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Author: Subject: Mad Science at the max, where do you draw the line?
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[*] posted on 16-6-2004 at 10:48


Quote:

I havent.

Haven't what?

Seen pink elephants? Smoked crack? Had sex?




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[*] posted on 16-6-2004 at 11:01


The pink elephants!

of course~Duhh~

What were we writing about in all those previous posts?




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[*] posted on 16-6-2004 at 11:02


You stated that you had "no limits". I pointed this out as a logical fallacy, and you replied with "I havent" (sic).



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[*] posted on 16-6-2004 at 11:27


Well , then it just depends on how you define the word 'limit'.
-1-You can take it as an all-incorporating word.Which gives a possibility of doing insane things.

-2-You can also ,like i did and most of us did[though i can only speak for myself]take it as the limits within , logical thought.

The second definition wouldnt incorporate the possibility of someone blowing him or herself up.

Within that logical and sane thought, the statement 'havent got limit' wouldnt be a logical fallacy'.

Me saying that i havent got limits doesnt mean i ll just blow my self HighSky.

Like i said it depends on how you define things.




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[*] posted on 16-6-2004 at 11:34


The "logical thought" meaning of the word actually implies your 1st definition, but never mind. Let's get back on topic and forget about the misunderstanding, OK?



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[*] posted on 16-6-2004 at 11:50


The difference between the 1 st and second definition is :the first incorporates Everything. The second doesnt ,it only incorporates logical 'sane' things.Everything conducted in a lab anywere is sane,i think. And therefore within my possibilities.Therefore i dont have a limit,because sanity itself is my limit~!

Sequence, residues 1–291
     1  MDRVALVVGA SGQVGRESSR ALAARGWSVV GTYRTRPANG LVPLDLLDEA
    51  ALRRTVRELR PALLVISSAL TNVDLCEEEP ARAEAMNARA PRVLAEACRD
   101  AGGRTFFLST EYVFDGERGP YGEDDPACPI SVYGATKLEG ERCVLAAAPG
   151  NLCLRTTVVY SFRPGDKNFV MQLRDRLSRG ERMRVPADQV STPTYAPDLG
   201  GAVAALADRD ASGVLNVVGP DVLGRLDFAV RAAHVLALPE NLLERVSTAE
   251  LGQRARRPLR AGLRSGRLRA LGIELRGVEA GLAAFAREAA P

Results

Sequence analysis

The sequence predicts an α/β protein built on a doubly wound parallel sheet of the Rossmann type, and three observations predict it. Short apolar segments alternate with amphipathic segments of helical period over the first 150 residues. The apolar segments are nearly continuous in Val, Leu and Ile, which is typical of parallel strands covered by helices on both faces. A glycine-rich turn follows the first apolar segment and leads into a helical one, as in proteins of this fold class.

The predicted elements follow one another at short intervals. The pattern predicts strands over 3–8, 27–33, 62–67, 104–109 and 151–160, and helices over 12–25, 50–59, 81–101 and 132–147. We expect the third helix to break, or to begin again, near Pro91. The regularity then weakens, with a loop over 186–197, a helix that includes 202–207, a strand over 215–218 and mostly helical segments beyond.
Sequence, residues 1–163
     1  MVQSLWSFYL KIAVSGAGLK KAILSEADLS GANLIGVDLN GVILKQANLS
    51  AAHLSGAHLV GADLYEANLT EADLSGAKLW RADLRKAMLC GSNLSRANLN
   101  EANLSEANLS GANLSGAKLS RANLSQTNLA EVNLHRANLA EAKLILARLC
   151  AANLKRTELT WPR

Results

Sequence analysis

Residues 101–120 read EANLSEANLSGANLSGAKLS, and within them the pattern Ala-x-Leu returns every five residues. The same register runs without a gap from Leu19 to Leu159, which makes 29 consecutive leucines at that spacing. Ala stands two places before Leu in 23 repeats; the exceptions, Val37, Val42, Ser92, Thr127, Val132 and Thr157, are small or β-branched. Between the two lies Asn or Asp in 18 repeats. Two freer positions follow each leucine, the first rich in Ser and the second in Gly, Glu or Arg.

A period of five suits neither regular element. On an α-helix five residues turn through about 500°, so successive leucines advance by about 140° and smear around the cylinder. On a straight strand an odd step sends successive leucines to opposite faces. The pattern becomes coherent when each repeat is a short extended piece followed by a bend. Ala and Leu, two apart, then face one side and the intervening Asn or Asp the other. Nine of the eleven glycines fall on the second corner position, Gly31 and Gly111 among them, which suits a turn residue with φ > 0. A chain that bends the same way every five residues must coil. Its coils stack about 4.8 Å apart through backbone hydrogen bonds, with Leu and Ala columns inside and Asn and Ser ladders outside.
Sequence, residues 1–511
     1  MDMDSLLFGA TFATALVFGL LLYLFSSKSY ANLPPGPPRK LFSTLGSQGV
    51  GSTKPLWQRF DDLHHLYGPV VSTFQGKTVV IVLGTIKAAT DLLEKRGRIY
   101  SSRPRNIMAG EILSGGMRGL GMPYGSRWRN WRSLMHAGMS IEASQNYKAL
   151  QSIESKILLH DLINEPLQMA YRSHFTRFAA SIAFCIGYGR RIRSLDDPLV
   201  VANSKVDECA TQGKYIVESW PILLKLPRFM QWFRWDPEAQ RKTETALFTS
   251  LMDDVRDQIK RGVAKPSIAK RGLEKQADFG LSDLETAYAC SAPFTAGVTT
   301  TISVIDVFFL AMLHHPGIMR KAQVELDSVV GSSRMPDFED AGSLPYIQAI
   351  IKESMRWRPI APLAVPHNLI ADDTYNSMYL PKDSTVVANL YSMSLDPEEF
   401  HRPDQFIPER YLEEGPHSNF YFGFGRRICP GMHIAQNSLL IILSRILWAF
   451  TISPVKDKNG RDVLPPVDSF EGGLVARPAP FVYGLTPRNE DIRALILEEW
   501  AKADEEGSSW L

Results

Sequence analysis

But Let It Be and Let It Rest.

Ok.Lets just get back on topic,whatever that may incorporate{hihihi}.

--=HUG=--




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[*] posted on 16-6-2004 at 11:53


Draw the line? I'm so far past the line that it's just a faint dot on the horizon.. ;)



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[*] posted on 7-8-2004 at 17:37


I am not going to work with very radioactive stuff, explosives that weigh more than I do(no drums of ANFO in a field) or nerve agents and stuff like that.



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[*] posted on 7-8-2004 at 20:35


Nothing is "mad" enough, as long as you have adequate protection and skill.



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[*] posted on 7-8-2004 at 22:23


Certain things I will avoid. Making explosives dosn't scare me too much, unless they are super senistive, like NI3. Other than that I've made 50 grams of AP before.

I will not work with nerve agents, too toxic. Another thing that scares me are heavy metals and their salts. They tend to bio-accumulate, and don't leave your system so it stays with you for a long time. I will avoid working with mercury. I have a jar sealed away.




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[*] posted on 7-8-2004 at 23:41


Hmm, havnt thought about this, I guess I have. No nuclear shit, nerve agents, carcinogins, excessibe amounts of HE's, etc, along those lines.

I only make stuff to see how it reacts etc, unless Im going to make it for doing a job, like some NC for a stump or something.


As far as I see it, you guys define the term "mad scientist", some of that stuff you guys mention I couldnt dream of making.




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[*] posted on 8-8-2004 at 07:35


The line is somewhere between fluoroacetates and nerve agents, I think.
And I generally hate organometallics containing transition metals.
I like radioactive things, as long as they're not radioactive enough to cause thermal burns :D.




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[*] posted on 22-8-2004 at 09:51


For me, the limit is things that will do me loing-lasting damage (sensitive explosives, carcinogens, heavy metal salts, etc). I have no reservations about working with stuff that can just temporarily do harm. That includes gasses that I can smell before they kill me, including ammonia, chlorine, bromine (it fumes a lot, so I consider it a gas), etc).
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[*] posted on 27-8-2004 at 13:38


Nick F
Where do you get your vitamin B12 from if you don't like organometalics containing transition metals?
Presumably, not many of us worry that we and our friends are radioactive.

I think that the point has been made, it's quite possible to do most things safely provided that you take care. The question is "what risks are we prepared to accept and what equipment have we got to offset those risks."